Worm that loves to devour plastic 'could curb global pollution crisis'
The global plastic bag pollution crisis could be solved by a waxworm capable of eating through the material at "uniquely high speeds", scientists have announced.
Researchers have described the tiny caterpillar's ability to break down even the toughest plastics as "extremely exciting" and said the discovery could be engineered into an environmentally-friendly solution on an industrial scale.
Around a trillion plastic bags are used around the world each year, of which a huge number find their way into the oceans or are discarded into landfill.
Commonly found living in bee hives, or harvested as fishing bait, the waxworm proved it could eat its way through polyethylene, which is notoriously hard to break down, 1,400 times faster than other organisms. Scientists believe the creature has potent enzymes in its saliva or gut which attack plastic's chemical bonds, in the same way they digest the complex wax found in hives.
The waxworm's potential was discovered by accident when biologist and amateur beekeeper Federica Bertocchini cleaned out her hives and temporarily placed the parasites in a plastic shopping bag. She soon noticed it had become riddled with holes. To confirm it was not just the caterpillars' chewing mechanism that was degrading the plastic, researchers "mashed up" some of the worms and smeared them on polyethylene bags, with similar results.
"It's extremely, extremely exciting because breaking down plastic has proved so challenging," said Paolo Bombelli from Cambridge University.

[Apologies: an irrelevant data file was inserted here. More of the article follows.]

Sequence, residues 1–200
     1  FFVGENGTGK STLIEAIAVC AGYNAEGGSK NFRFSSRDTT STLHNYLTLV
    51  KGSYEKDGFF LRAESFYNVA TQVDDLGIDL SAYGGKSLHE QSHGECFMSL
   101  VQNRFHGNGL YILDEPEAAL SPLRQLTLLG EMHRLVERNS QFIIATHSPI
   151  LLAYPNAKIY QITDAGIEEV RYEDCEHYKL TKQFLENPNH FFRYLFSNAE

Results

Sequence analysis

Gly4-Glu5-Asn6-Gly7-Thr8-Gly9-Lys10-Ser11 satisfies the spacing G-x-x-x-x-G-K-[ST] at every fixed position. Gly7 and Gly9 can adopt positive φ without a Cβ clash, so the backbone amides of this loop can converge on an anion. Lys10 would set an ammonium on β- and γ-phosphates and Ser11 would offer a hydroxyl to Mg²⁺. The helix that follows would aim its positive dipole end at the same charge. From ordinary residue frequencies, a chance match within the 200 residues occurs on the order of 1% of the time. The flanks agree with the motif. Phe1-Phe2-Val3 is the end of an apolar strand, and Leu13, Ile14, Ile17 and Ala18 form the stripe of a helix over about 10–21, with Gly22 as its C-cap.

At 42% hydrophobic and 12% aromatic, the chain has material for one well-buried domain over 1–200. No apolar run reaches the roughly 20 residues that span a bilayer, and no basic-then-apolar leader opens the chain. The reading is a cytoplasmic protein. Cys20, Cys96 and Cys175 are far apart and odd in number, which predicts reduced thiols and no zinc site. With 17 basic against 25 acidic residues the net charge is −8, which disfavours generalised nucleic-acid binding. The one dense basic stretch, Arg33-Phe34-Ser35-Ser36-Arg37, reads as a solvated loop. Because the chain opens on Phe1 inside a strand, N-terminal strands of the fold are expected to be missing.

"If a single enzyme is responsible for this chemical process, its reproduction on a large scale using biotechnological methods should be achievable."
He said the most likely scenario was one whereby existing recycling plants could be adapted to biodegrade mass quantities of plastic using the newly discovered enzymes.
But he added the enzymes could one day possibly be sprayed directly onto landfill sites or even infused into sea plants in order to degrade plastic already in the environment.
Polyethlylene is the most common plastic in the world and is primarily used for plastic bags and packaging.
In tests at Cambridge, 100 waxworms were let loose on supermarket plastic bag, with holes appearing after just 40 minutes.
Over a period of 12 hours, 92mg of plastic had been consumed. By contrast, previous trials using bacteria had found the microbes could work through only 0.13mg of plastic in 24 hours.
The Cambridge researchers, along with colleagues at the Institute of Biomedicine and Biotechnology of Cantabria (CSIC), used spectroscopic analysis to show the chemical bonds in the plastic were breaking when exposed to the waxworms.
The creatures transformed the polyethylene into an "un-bonded" substance called ethylene glycoll.
Published in the journal 'Current Biology', the study says it is likely that digesting the beeswax found in hives involves breaking down similar types of chemical bonds. The beeswax on which the worms grow is composed of a rich diversity of compounds including fats, oils and some hormones.
(© Daily Telegraph London)